According to the Socialist Doctors' Association, 58 per cent of essential medicines, including life-saving medicines, are not available anymore in Sudan.
In a statement on April 5, addressed to the Sudanese people, the Socialist Doctors Association (SDA) said that the health system in the country has collapsed. The very poor medicine supply services “herald a catastrophic situation”.
The doctors state that the government's reluctance to pay for the provision of medicines to the National Fund for Medical Supplies in the two first months this year is “directly reflected in the lack of dialysis materials, medicines needed for cancer treatments, narcotics, and remedies for mental and neurological disorders”.
They say that the Ministry of Finance did not pay for medical supplies for free treatment for the first two months of this year, hampering the already weak flow of medicines for emergency and life-saving medicines, and for free treatment for children under five.
The SDA called on the Sudanese people “to put pressure on the transitional government to stabilise the health emergency services in the country” by providing work aids, “including paying the debts of medical supplies and providing an amount of $200 million to secure the country's need for emergency medicines”.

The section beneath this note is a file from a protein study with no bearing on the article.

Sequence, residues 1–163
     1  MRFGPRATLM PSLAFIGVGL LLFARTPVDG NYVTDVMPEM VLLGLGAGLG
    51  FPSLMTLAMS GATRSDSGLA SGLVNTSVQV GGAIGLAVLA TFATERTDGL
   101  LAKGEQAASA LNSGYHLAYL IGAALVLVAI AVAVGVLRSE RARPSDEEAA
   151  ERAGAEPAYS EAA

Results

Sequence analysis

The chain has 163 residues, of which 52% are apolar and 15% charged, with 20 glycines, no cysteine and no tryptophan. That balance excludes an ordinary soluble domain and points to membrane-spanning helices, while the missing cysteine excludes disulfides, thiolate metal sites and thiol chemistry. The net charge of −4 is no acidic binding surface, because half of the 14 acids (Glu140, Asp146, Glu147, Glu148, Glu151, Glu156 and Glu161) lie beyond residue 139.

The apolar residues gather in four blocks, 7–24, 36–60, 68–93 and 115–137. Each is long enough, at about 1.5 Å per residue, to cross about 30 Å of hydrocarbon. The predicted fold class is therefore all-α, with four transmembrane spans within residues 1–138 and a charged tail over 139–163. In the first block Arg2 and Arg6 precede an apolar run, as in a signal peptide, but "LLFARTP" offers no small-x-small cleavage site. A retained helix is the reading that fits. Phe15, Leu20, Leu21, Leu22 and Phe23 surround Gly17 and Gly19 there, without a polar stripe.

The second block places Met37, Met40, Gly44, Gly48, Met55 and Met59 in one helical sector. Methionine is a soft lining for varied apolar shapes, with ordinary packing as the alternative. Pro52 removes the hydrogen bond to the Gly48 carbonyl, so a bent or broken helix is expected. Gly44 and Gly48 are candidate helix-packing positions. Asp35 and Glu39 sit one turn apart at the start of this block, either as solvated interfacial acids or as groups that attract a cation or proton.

The doctors urged the government to spend more on health and exert efforts to rebuild the health system in Sudan, to begin with expanding the pharmaceutical industries in the country, increase the number of medics in health institutions by providing permanent jobs and improving the working conditions.
Most of the medicines are imported, and therefore have to be paid with hard currency that still remains scarce. The Professional Pharmacists Association of Sudan said in end March that the soaring prices of essential medicines have created a catastrophic situation where “some remedies now cost more than the minimum wage”.
In July last year, the Pharmaceutical Professionals Alliance painted a bleak picture of the availability of medicines in the country. At a press conference of Pharmaceutical Professionals Alliance in Khartoum on July 2, spokesman Salah Jaafar described the “unprecedented scarcity” as “disastrous, both in the public and private sectors”, as the volume of imported medicines during the past six months fell to nine per cent of the medications required in the country.
In 2016, Radio Dabanga already reported on the worsening “medicine crisis” in the country. Many patients in Khartoum complained about shortages and soaring medicine prices.
A shortage of medicines began to emerge following the fall of the Sudanese Pound that began in early 2012. In September that year, the Central Bank of Sudan reported a growing shortage of hard currencies, and traders began to profit from the difference in forex rates on the parallel market.